Learning Environments & Curriculum

Child Directed Play

My office was next to the playground. I could look out the window and watch the kids play. One day a couple of months ago I happened to look out and saw a toddler picking up leaves and moving them to a pile she had started in the corner of the play yard. I watched for a little while before I went out to take some pictures. Here’s what I saw:

Child Directed Play

This little not quite two-year old was using problem solving skills, developing large and small motor skills, and deductive reasoning. And she started it all on her own.

So often teachers in the classroom feel the need to provide an abundance of activities for the children and many times the children aren’t interested. So how do you get a child engaged? Watch them and let them take the lead.

Instead of providing the activity, figure out what you want the children to learn and provide the materials for them to meet your goal while creating activities that are interesting to them.

Do you want them to develop large muscles? Put up an obstacle course. Let them move the pieces around to re-create the course. Trying to teach colors to preschoolers? Put out paint in two primary colors. Let them discover, on their own, the secondary color they can create.


How do you know what interests your group? Observe them! And keep in mind your group this year is not the same as last year. Their interests and relatable experiences are going to be different. Pay attention. Take notes.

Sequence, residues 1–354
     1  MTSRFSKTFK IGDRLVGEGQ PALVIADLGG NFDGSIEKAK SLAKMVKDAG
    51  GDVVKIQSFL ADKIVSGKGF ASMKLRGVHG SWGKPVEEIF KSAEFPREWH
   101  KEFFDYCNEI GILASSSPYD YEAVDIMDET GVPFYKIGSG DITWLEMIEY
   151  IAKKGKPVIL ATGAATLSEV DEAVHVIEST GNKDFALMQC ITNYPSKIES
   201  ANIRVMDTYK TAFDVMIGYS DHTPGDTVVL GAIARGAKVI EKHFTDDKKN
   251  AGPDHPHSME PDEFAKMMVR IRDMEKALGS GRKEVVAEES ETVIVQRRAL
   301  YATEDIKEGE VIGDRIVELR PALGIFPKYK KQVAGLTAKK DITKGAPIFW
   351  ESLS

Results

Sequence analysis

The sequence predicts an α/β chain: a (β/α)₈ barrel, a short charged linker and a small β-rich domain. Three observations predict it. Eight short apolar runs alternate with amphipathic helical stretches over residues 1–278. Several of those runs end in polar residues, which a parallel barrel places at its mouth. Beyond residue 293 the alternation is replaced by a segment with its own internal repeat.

Are a few kids in your class really excited about the weather outside? Put on your coats and hats and go check it out. If they get wet, dry them off when you come in. Put their boots on and watch what happens in the puddles. Then go join them. Stomp some water and ask, “what happened to the water?” “Where did it go?”

Provide materials and props that children can decide for themselves what to do with. Just like this little one – she likely saw mom or dad raking up and disposing of fall leaves. She took the shopping cart and started to clear the playground.

This was the perfect example of child directed play. And the teachers didn’t have to do anything but watch.

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